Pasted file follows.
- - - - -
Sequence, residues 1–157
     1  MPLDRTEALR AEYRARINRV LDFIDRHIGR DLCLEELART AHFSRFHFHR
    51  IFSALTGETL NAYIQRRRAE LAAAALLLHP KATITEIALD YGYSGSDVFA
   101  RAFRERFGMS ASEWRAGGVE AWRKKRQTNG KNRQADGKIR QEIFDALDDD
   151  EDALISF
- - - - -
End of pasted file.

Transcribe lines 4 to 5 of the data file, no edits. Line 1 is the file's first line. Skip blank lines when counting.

   101  RAFRERFGMS ASEWRAGGVE AWRKKRQTNG KNRQADGKIR QEIFDALDDD
   151  EDALISF